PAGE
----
RADAR 2012 is the second appearance of the Bush Theatre’s annual new writing festival, scanning the horizon for blips and bleeps and bringing them to the Bush stage. As Artistic Director Madani Younis says, “It’s not about sitting on your fucking arse waiting for a masterpiece to drop into your lap. You have to find it.”
RADAR is precisely what the Bush exists to do: an exciting three-week flurry of new plays, ‘sneak peek’ scratch performances, talks and debates. The Bush is also changing the way it deals with the 2,000 scripts it reads every year, intended to build longer-term relationships with writers. It is an impressive plan, designed to keep the Bush as one of the most important new writing theatres in Europe.
Two short plays were on the night we went, but there are plenty more to see. Chapel Street by Luke Barnes is a two-hander. A 14-year old and a 20-something take us out on the town, with the help of a trolley loaded with traffic cones, wigs, and inflatable toys, and we watch as their evenings gradually converge and they come together. Unfortunately, the performance style is too Kevin and Perry to convince us we are watching real people, while characters become less likeable and more caricatured as the whiskies and the Red Bulls ebb and flow.
Chewing Gum Dreams covers similar territory — teen friendships, hang-ups and stresses, joys and rejections — but with a deceptive lightness of touch that betrays the arrival of a serious new talent. The show is written and performed by Michaela Coel, with the help of nothing more than a school uniform, a chair, and a garage soundtrack.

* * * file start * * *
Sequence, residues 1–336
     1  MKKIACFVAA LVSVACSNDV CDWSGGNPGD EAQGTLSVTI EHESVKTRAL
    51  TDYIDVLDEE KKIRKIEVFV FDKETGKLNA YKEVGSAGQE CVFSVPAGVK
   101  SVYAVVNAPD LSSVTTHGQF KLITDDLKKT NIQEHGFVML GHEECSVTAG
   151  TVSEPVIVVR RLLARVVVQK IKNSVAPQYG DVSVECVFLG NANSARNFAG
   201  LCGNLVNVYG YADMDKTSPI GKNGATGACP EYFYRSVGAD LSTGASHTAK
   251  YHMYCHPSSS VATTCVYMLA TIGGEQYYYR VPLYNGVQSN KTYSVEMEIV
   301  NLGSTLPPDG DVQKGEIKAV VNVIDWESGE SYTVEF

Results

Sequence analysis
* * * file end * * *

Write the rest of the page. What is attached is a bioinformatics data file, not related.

As the chair shifts location from classroom to bedroom to the top deck of a bus, Coel is by turns casually cruel, hilariously funny, naïve, wise and vulnerable. Her play tackles some difficult themes, including sexual assault, violence, and underachievement across generations. As she puts it, “I ain’t smart enough to be somebody, but I’m smart enough to know I’m nobody”, which is pretty heartbreaking. But the big themes are expertly tucked into the life of a Hackney teenager that feels like the real deal. Directed by Ché Walker, Coel combines insight, humour and storytelling with subtle performance skills and some physical theatre coups, including a terrifying encounter with a boy staged in way that is hard to forget.
RADAR 2012 is the place to be this November, and anyone interested in new voices and untapped talent would do well to get down here for Coel’s remaining dates, as well as the many other delights on offer.